And in fact, we should also understand the real strategic game in town is not just what happens in the Korean Peninsula. Ultimately, it is about the relationship between the United States and China, it’s about the future for free trade, it’s about prospects for economic integration across the Asia Pacific. Some of our partners now prefer to call it the Indo-Pacific, which is fine, as long as it is an inclusive concept. So the point is that the solution of the Korean War is an essential step towards fulfilling our larger ambitions.
BBC: Did Singapore pay for the North Korean contingent’s hotel stay for Kim Jong Un?
Minister: It’s hospitality that we would have offered them, and as Chairman Kim said yesterday, he would have liked to have come to Singapore anyway, with or without the Summit. We would of course have offered hospitality. So, yes we do.
BBC: So you’re confirming that Singapore did pay that hotel bill?
Minister: Well, it’s hospitality that I would have provided for him anyway. And it’s all within the budget that the Prime Minister has specified, anyway. So that’s not a consideration at all.
BBC: You talk about the economic development that North Korea appears to want, now as you say, that they’ve completed their military objectives. But how do you become a partner with a country that has, in the past, this attitude of being quite hostile, and move forward in a way where you can become partners economically?
Minister: Well, that’s why you must not look for instant solutions. As I said, it starts with sincerity and goodwill. Next, you build up your reservoir of trust, strategic trust, and then step-by-step, you establish a track record of win-win outcomes, project by project, deal by deal. That’s the way we approach it. In the case of Singapore, our advantage is that because we are just a tiny city-state, people know us, they know our style, they know that we are honest, we are reliable, we are transparent, we are friends with everyone and we don’t play games, and we maintain a consistent, principled approach. That actually puts us in good stead, in a very uncertain, somewhat volatile world. So for North Korea, I think they look at us and they realise that hey, everything which they see here, they can do, and more. And based on my short visit and interaction with them, there is no reason to assume that they can’t achieve that level of development that the rest of us, in Southeast Asia, have had, in the case of Singapore, the last five decades.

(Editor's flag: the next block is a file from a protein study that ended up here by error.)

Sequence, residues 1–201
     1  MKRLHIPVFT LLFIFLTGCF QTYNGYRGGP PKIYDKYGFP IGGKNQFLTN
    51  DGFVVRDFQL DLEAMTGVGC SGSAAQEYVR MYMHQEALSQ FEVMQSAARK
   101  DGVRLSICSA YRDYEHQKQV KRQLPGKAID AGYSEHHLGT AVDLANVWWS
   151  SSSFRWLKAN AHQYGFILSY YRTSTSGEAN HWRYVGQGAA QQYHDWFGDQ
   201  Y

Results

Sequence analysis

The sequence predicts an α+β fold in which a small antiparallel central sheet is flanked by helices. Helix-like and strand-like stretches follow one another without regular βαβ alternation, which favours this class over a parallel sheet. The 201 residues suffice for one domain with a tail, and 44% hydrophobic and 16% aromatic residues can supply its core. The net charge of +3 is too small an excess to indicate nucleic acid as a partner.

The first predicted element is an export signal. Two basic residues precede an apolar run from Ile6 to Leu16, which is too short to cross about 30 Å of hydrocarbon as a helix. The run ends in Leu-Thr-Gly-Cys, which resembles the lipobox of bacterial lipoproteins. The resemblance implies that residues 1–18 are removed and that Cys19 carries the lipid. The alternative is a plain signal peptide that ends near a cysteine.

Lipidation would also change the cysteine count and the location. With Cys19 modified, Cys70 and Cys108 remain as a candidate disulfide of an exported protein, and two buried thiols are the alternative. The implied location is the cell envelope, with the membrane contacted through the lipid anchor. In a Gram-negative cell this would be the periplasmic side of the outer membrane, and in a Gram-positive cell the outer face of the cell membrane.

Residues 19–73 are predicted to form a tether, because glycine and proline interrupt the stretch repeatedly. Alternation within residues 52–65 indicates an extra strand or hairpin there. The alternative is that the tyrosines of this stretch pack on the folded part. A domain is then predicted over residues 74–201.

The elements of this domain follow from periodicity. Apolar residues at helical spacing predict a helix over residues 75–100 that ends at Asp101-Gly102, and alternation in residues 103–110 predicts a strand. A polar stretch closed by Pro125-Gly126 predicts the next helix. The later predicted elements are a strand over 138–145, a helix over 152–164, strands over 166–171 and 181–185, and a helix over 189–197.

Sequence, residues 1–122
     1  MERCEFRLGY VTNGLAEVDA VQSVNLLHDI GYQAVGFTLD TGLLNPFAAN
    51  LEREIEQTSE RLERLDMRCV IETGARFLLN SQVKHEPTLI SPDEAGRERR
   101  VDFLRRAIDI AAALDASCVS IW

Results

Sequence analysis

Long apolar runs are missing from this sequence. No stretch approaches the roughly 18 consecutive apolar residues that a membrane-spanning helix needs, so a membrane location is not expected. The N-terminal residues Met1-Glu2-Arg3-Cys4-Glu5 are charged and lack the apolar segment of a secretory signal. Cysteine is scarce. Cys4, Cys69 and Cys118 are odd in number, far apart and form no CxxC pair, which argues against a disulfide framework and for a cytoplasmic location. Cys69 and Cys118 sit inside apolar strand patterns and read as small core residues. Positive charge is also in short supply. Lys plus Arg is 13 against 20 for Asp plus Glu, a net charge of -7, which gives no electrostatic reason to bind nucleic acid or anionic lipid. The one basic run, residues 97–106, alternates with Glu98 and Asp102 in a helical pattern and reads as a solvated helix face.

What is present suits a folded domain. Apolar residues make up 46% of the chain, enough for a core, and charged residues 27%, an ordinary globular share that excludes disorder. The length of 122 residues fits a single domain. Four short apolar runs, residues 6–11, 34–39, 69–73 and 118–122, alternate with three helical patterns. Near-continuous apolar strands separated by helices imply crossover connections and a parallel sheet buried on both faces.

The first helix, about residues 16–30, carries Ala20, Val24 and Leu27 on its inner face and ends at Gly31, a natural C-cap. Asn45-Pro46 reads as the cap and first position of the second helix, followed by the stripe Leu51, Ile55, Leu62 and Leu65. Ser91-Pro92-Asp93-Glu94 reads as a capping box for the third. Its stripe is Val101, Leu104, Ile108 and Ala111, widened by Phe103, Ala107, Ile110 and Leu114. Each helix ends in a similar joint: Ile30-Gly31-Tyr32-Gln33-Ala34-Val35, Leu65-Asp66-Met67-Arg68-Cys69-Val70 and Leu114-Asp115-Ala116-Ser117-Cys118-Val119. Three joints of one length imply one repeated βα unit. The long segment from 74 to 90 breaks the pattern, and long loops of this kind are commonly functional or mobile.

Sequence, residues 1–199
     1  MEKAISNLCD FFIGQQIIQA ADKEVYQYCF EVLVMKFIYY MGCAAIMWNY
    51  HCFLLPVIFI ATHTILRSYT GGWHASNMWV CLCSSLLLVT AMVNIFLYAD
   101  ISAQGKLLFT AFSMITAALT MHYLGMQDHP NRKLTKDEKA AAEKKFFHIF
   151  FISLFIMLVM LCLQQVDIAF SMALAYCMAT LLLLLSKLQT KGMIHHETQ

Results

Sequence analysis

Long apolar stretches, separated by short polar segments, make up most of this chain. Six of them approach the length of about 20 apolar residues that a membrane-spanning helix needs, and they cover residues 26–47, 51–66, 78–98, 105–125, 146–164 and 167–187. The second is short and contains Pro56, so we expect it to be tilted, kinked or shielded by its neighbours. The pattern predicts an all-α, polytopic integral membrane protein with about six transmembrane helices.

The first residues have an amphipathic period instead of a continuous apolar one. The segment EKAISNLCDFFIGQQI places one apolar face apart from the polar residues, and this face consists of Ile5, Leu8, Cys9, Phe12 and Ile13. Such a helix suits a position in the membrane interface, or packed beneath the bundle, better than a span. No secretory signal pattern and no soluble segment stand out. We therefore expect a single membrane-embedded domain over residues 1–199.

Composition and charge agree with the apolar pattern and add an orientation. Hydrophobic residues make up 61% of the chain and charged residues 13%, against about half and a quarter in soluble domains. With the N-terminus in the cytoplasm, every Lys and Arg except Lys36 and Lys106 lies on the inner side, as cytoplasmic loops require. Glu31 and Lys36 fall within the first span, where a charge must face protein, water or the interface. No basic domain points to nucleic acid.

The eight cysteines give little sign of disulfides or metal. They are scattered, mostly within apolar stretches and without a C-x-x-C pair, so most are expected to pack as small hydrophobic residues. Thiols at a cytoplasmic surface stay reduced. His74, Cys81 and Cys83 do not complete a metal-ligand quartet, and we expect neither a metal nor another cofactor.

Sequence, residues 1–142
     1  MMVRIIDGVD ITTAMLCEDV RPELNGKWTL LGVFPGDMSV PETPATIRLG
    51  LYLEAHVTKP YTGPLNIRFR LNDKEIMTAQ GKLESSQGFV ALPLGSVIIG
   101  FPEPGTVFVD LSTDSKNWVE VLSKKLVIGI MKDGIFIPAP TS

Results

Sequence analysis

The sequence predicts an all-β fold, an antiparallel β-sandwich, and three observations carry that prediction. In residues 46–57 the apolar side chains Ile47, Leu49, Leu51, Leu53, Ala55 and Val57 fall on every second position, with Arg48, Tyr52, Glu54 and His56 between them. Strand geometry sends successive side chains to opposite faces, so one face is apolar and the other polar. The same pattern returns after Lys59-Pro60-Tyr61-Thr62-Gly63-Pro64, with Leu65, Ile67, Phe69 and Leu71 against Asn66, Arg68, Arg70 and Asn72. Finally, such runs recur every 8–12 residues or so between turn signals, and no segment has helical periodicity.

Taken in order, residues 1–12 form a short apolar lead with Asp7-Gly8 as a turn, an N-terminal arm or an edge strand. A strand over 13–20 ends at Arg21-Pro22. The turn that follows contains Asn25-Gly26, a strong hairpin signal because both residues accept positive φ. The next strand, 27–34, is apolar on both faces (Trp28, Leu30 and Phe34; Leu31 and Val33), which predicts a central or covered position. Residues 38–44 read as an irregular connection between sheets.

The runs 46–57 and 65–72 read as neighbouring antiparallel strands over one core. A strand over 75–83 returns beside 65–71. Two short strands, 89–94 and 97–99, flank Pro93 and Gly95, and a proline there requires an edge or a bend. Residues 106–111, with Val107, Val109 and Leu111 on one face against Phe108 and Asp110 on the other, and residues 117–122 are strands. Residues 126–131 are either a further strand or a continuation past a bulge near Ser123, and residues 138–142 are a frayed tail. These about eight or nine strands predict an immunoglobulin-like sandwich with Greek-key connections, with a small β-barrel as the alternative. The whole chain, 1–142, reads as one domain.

BBC: But that level of economic development has come with a transparent government, free and fair elections for the most part, a liberal democratic system. How do you reconcile that with what’s happening in North Korea now?
Minister: Again, my caveat there is that every political system has to evolve to fit its own unique national circumstances. So this idea that there is a single monolithic model that – I suppose you could call it the old Washington Consensus – I think the last two decades has shown us the limitations of that model. My own view is that we should accept diversity and we should accept that in fact what the conflicts, the Vietnam War, the Korean War have shown, is although they were fought in the name of ideology and really, Cold War superpower rivalry, my own conclusion is that peoples’ right and desire for self-determination, for the expression of national identity, for that sense of cohesion, actually trumps ideology and Cold War rivalry. We don’t want to be proxies of other peoples’ wars. What people all over the world want, and especially in Asia – we want good jobs, we want peace and security, and we want hope for a better future for our children and our grandchildren. So these are universal hopes but the recipes are different in each and every nation, and I think we should all be humble enough to accept that reality. And I think the world will be more peaceful and prosperous if we accepted that diversity and accepted that ultimately, every nation had a right to seek development in its own unique way.
BBC: What sort of model do you envision in the future for North Korea? Is it a China-led model?
Minister: Well, you will realise that the answer to that question follows from my earlier answer. I don’t believe in any single model. The North Koreans, or ultimately the Korean people, will have to decide on their model. We should leave it at that, we should give them the space, the opportunity, the security to make those choices. Singapore never holds itself up as a model, for instance. We tell all our friends, “You are welcome to come to Singapore.” In fact most of our interaction, even with other countries which are still developing, is in capability development. We have trained thousands, more than ten thousand, officials from all over the world. We also trained about 100 people from North Korea, over the decades. So Singapore is an open book. We don’t have any trade secrets. The secret recipe of Singapore is execution, implementation of plans. So we tell them, come here, study us, we are an open book. We are not hiding anything from you, there are no trade secrets here. But you will have to modify and apply back home. And if you can, and if we can play a part in it, win-win, even better.